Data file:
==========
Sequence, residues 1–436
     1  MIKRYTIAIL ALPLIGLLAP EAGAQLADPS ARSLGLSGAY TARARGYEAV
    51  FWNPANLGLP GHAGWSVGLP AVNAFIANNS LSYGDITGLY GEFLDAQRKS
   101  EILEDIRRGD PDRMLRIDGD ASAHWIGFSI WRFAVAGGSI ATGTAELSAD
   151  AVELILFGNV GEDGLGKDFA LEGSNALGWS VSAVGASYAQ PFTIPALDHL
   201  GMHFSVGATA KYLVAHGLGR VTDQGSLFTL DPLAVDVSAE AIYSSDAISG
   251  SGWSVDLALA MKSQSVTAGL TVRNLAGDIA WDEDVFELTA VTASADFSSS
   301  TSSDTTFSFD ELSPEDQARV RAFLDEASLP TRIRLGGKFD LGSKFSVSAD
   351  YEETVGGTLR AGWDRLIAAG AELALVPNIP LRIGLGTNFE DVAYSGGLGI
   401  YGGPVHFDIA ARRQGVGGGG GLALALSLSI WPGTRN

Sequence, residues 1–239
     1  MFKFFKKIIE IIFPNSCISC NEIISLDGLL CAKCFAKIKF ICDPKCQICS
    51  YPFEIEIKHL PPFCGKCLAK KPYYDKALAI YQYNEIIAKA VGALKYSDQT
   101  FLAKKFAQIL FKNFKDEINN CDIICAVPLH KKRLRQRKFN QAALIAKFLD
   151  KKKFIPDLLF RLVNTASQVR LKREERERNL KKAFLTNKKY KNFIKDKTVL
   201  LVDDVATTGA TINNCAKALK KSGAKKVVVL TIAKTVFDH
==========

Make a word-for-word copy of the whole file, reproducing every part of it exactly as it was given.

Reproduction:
Sequence, residues 1–436
     1  MIKRYTIAIL ALPLIGLLAP EAGAQLADPS ARSLGLSGAY TARARGYEAV
    51  FWNPANLGLP GHAGWSVGLP AVNAFIANNS LSYGDITGLY GEFLDAQRKS
   101  EILEDIRRGD PDRMLRIDGD ASAHWIGFSI WRFAVAGGSI ATGTAELSAD
   151  AVELILFGNV GEDGLGKDFA LEGSNALGWS VSAVGASYAQ PFTIPALDHL
   201  GMHFSVGATA KYLVAHGLGR VTDQGSLFTL DPLAVDVSAE AIYSSDAISG
   251  SGWSVDLALA MKSQSVTAGL TVRNLAGDIA WDEDVFELTA VTASADFSSS
   301  TSSDTTFSFD ELSPEDQARV RAFLDEASLP TRIRLGGKFD LGSKFSVSAD
   351  YEETVGGTLR AGWDRLIAAG AELALVPNIP LRIGLGTNFE DVAYSGGLGI
   401  YGGPVHFDIA ARRQGVGGGG GLALALSLSI WPGTRN

Sequence, residues 1–239
     1  MFKFFKKIIE IIFPNSCISC NEIISLDGLL CAKCFAKIKF ICDPKCQICS
    51  YPFEIEIKHL PPFCGKCLAK KPYYDKALAI YQYNEIIAKA VGALKYSDQT
   101  FLAKKFAQIL FKNFKDEINN CDIICAVPLH KKRLRQRKFN QAALIAKFLD
   151  KKKFIPDLLF RLVNTASQVR LKREERERNL KKAFLTNKKY KNFIKDKTVL
   201  LVDDVATTGA TINNCAKALK KSGAKKVVVL TIAKTVFDH